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Chefs Join the Street Food Movement

Chefs Join the Street Food Movement

Solvej Schou | Associated Press

“People go to a restaurant, and they have to sit down, wait. Here, you can see your food made, and it’s faster and cheaper, fresh,” Alvarado said.

For Susan Feniger, a trip to India 30 years ago jump-started her shift away from French-style cooking. At her new Hollywood-casual restaurant STREET squares of toasted bread with sweet coconut jam, a Singapore treat called kaya toast, come with soft-fried egg drizzled with soy sauce. Small collard leaves serve as taco shells for Thai bites, a dish seasoned with toasted coconut, crushed peanuts, dried shrimp, ginger, chilies and chopped lime.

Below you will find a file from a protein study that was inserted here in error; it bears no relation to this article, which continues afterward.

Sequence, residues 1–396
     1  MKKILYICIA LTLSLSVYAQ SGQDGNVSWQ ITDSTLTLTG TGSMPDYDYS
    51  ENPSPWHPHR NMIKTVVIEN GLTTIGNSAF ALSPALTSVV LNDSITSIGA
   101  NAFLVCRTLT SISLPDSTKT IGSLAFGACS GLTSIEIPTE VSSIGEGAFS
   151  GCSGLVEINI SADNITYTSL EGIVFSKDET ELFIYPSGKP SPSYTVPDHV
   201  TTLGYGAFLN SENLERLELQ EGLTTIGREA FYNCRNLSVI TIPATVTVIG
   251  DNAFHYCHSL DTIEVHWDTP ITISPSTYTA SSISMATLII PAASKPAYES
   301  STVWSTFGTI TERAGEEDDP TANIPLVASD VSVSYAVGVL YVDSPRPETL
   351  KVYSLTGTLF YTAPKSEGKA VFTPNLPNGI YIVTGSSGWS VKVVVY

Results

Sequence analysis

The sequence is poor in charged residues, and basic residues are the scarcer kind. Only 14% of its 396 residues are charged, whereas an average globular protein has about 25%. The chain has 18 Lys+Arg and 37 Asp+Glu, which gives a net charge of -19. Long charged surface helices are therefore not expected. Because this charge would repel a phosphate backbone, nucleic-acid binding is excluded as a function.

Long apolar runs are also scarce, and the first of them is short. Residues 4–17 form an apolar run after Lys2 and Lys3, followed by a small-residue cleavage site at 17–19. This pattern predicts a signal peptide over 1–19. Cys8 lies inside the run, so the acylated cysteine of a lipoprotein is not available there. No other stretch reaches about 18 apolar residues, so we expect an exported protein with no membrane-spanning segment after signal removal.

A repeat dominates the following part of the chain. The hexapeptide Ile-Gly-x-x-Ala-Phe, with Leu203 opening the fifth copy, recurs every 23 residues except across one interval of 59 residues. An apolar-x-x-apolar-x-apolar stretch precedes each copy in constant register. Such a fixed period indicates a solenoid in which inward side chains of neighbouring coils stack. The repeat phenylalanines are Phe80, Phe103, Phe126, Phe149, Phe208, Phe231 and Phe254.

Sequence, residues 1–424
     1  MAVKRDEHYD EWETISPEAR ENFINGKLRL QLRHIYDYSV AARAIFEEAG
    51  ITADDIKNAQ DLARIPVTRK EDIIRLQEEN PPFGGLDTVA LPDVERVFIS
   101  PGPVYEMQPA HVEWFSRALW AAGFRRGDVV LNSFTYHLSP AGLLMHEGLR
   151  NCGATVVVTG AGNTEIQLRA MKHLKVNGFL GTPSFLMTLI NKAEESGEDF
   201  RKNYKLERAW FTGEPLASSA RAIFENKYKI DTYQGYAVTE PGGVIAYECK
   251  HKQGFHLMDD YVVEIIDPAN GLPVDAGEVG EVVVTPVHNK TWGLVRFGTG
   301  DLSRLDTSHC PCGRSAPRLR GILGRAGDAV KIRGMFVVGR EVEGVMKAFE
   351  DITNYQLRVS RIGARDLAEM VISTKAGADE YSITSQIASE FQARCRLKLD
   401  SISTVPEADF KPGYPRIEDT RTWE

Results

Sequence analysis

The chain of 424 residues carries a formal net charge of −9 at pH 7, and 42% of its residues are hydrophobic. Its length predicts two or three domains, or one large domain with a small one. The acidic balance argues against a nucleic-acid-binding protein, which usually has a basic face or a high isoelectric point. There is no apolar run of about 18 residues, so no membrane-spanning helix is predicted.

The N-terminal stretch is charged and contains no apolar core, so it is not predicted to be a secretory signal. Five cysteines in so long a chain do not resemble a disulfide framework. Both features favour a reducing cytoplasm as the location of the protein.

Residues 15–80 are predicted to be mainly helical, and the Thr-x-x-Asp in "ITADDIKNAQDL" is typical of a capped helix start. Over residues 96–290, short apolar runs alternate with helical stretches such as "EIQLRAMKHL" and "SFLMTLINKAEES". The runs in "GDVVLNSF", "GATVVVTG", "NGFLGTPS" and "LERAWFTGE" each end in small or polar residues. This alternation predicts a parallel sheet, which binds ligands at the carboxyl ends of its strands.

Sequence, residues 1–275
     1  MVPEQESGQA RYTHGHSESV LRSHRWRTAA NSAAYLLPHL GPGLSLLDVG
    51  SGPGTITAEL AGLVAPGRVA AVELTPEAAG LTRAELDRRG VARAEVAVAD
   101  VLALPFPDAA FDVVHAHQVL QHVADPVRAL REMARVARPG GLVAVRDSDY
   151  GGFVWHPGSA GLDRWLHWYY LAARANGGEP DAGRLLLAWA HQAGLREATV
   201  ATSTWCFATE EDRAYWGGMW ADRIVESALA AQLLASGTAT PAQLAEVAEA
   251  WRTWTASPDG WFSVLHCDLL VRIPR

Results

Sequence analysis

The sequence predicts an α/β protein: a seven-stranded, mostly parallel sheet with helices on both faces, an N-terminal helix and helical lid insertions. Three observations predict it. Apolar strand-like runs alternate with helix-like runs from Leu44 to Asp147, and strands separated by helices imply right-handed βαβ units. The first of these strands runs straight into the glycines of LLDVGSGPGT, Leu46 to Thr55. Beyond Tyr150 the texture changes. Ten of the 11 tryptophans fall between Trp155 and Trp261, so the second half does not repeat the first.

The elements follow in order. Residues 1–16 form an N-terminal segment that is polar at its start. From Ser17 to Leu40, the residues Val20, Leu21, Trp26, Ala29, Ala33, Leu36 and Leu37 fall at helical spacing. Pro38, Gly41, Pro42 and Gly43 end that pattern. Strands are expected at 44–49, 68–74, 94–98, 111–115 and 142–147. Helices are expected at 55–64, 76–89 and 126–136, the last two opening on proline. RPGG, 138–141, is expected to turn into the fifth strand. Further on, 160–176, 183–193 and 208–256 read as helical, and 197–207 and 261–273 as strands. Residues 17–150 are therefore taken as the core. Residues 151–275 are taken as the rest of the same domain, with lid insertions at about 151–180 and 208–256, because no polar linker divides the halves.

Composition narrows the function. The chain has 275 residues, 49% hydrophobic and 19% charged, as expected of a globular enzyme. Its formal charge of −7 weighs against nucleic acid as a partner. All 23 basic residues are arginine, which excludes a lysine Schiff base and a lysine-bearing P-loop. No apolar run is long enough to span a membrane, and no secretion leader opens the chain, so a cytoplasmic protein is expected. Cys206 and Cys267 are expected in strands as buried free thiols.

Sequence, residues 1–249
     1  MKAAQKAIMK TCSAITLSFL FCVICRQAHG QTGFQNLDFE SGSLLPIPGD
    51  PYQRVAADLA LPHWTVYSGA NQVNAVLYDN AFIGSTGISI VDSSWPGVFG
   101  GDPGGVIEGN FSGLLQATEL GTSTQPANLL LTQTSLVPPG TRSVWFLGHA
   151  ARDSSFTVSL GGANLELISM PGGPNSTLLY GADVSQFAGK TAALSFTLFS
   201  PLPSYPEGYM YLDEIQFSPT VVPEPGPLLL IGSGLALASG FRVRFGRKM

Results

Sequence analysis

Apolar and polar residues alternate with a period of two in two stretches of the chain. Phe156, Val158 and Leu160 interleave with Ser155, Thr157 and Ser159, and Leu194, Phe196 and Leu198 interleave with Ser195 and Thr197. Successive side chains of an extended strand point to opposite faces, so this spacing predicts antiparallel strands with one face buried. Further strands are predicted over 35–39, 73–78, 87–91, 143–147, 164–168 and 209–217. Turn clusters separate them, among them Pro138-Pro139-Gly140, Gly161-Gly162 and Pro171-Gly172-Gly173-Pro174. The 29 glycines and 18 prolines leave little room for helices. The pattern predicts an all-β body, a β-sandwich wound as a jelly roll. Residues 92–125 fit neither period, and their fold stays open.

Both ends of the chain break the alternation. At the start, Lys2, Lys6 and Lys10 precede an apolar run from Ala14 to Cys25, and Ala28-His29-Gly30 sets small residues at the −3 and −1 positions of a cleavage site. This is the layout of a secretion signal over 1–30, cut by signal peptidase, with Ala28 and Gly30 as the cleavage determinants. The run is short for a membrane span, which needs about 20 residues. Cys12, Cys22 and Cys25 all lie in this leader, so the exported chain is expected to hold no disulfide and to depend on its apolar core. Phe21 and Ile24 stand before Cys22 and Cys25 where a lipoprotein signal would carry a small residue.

“I love street food,” said Feniger. “Many chefs do. I’m drawn to it because culturally I don’t like going to fancy restaurants.”

Last month, about 70,000 people crowded into the Eat Real Festival, a celebration of street food in Oakland that featured dozens of vendors like Joel Baecker, an alumnus of Alice Waters’ Chez Panisse restaurant in Berkeley.

Baecker translated his love of local ingredients into his own Bay Area street food-inspired stand, Pizza Politana.

“We’ve really gotten the chance to connect to the local communities. When you get into street food, it’s almost an extension of a home-cooked meal. It’s much more familial,” Baecker said.

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